US20180081774A1 (en) * 2016-09-16 2018-03-22 Micron Technology, Inc. Storing memory array operational information in nonvolatile subarrays

Citations (25)

* Cited by examiner, † Cited by third party
Publication number Priority date Publication date Assignee Title
US3651487A (en) * 1969-12-09 1972-03-21 Ibm Printer control system
US4443845A (en) * 1980-06-26 1984-04-17 Texas Instruments Incorporated Memory system having a common interface
US4908827A (en) * 1987-07-27 1990-03-13 Tiw Systems, Inc. Forward error correction system
US5404464A (en) * 1993-02-11 1995-04-04 Ast Research, Inc. Bus control system and method that selectively generate an early address strobe
US5412788A (en) * 1992-04-16 1995-05-02 Digital Equipment Corporation Memory bank management and arbitration in multiprocessor computer system
US5493672A (en) * 1994-05-16 1996-02-20 Sun Microsystems, Inc. Concurrent simulation of host system at instruction level and input/output system at logic level with two-way communication deadlock resolution
US5544175A (en) * 1994-03-15 1996-08-06 Hewlett-Packard Company Method and apparatus for the capturing and characterization of high-speed digital information
US5668803A (en) * 1989-06-29 1997-09-16 Symbol Technologies, Inc. Protocol for packet data communication system
US20010021958A1 (en) * 1999-12-22 2001-09-13 Stmicroelectronics S.A. Page by page programmable flash memory
US20020029327A1 (en) * 1998-08-24 2002-03-07 Alan Scott Roth Linked list memory and method therefor
US20020054508A1 (en) * 1999-04-26 2002-05-09 Atsushi Nozoe Memory device and memory card
US6515982B1 (en) * 1998-11-20 2003-02-04 Matsushita Electric Industrial Co., Ltd. Device and method for time-division multiple access radio communication
US6545981B1 (en) * 1998-01-07 2003-04-08 Compaq Computer Corporation System and method for implementing error detection and recovery in a system area network
US6641312B1 (en) * 2000-10-31 2003-11-04 Hewlett-Packard Development Company, Lp. Printer and method for executing a print job and storing print usage information
US20040221075A1 (en) * 2001-08-28 2004-11-04 Broadcom Corporation Method and interface for improved efficiency in performing bus-to-bus read data transfers
US20050066141A1 (en) * 2003-09-22 2005-03-24 Choi Joo S. Method and apparatus for accessing a dynamic memory device
US20050120260A1 (en) * 2003-11-19 2005-06-02 Fuji Xerox Co., Ltd Image forming apparatus and control method of an image forming apparatus
US7089391B2 (en) * 2000-04-14 2006-08-08 Quickshift, Inc. Managing a codec engine for memory compression/decompression operations using a data movement engine
US20060214961A1 (en) * 2005-03-23 2006-09-28 Canon Finetech Inc. Ink jet printer and preliminary-ejection control method
US20070077074A1 (en) * 2005-09-30 2007-04-05 Lexmark International, Inc. Apparatuses and methods for identifying a consumable for use with an imaging apparatus
US7219199B1 (en) * 2004-01-30 2007-05-15 Unisys Corporation System and method for increasing bandwidth in a directory based high speed memory system
US20070150672A1 (en) * 2005-12-28 2007-06-28 Intel Corporation (A Delaware Corporation) Fully buffered DIMM read data substitution for write acknowledgement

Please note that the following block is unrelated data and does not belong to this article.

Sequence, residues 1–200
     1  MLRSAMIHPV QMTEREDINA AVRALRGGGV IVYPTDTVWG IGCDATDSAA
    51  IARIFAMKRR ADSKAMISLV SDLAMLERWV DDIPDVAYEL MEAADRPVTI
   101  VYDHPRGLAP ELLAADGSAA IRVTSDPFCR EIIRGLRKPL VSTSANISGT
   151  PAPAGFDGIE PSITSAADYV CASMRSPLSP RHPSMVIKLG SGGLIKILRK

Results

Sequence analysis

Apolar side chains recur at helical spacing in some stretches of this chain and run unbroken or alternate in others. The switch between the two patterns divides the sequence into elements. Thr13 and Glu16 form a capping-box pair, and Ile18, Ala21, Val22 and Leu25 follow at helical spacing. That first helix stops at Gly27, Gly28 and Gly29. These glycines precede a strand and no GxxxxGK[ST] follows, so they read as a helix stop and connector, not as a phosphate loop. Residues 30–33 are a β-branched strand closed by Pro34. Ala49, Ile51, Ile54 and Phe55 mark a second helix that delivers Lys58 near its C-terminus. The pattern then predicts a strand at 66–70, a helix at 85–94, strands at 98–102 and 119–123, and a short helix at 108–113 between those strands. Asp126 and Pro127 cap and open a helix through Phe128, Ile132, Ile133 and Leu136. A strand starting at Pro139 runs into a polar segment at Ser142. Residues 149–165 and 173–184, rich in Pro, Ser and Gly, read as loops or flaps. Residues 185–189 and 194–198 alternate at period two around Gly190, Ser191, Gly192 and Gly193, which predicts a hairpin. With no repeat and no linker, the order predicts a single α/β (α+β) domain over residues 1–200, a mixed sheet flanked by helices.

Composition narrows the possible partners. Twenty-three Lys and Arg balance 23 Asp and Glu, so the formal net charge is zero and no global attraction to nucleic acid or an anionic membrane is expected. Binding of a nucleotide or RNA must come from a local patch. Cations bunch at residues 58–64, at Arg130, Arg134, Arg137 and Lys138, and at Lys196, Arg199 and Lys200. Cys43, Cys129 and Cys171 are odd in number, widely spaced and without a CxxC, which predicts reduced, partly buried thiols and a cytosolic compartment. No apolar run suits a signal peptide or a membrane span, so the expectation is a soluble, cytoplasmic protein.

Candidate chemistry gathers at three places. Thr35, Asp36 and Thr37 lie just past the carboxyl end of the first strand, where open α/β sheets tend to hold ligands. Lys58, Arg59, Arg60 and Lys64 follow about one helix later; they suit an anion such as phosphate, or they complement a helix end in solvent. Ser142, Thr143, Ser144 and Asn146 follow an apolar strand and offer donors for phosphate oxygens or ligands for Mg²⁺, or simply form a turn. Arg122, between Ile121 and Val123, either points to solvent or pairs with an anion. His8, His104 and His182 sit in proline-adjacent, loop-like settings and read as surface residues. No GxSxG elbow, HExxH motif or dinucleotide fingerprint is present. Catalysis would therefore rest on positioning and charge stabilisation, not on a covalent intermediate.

US20090060191A1 (en) * 2006-03-08 2009-03-05 Hiroyuki Yabuno Interface circuit, information processing device, and information processing system
US7844786B2 (en) * 2005-06-16 2010-11-30 Lexmark International, Inc. Addressing and command protocols for non-volatile memories utilized in recording usage counts
US20120194868A1 (en) * 2011-01-31 2012-08-02 Static Control Components, Inc. System and Method for Updating Memories used to Store Information in a Printing System

Family Cites Families (37)

* Cited by examiner, † Cited by third party
Publication number Priority date Publication date Assignee Title
US4689740A (en) * 1980-10-31 1987-08-25 U.S. Philips Corporation Two-wire bus-system comprising a clock wire and a data wire for interconnecting a number of stations
JPH0243636B2 (en) * 1982-02-08 1990-10-01 Hitachi Ltd
US4631428A (en) * 1984-10-26 1986-12-23 International Business Machines Corporation Communication interface connecting binary logic unit through a trinary logic transmission channel
GB2218550B (en) * 1988-05-10 1992-02-12 Canon Kk Printing apparatus
US5023813A (en) * 1989-08-03 1991-06-11 International Business Machines Corporation Non-volatile memory usage
US5297269A (en) * 1990-04-26 1994-03-22 Digital Equipment Company Cache coherency protocol for multi processor computer system
JPH06314217A (en) * 1993-04-28 1994-11-08 Tokyo Electric Co Ltd Electronic instrument
DE69522928T2 (en) * 1994-12-02 2002-04-11 Koninkl Philips Electronics Nv Circuitry for coupling of communication buses
DE19602039A1 (en) * 1995-01-24 1996-07-25 Lg Electronics Inc A semiconductor memory device and method for writing data in this
JPH10287027A (en) * 1997-02-14 1998-10-27 Canon Inc Printer apparatus and method for protecting information at printer apparatus
US6078985A (en) * 1997-04-23 2000-06-20 Micron Technology, Inc. Memory system having flexible addressing and method using tag and data bus communication
US6271928B1 (en) * 1998-03-04 2001-08-07 Hewlett-Packard Company Electrical storage device for a replaceable printing component
US5995774A (en) 1998-09-11 1999-11-30 Lexmark International, Inc. Method and apparatus for storing data in a non-volatile memory circuit mounted on a printer's process cartridge
US6426801B1 (en) * 1998-10-01 2002-07-30 Lexmark International, Inc. Printer apparatuses and methods for using the same
US6052547A (en) * 1998-10-23 2000-04-18 Hewlett-Packard Company Method and apparatus for metering printer/copier usage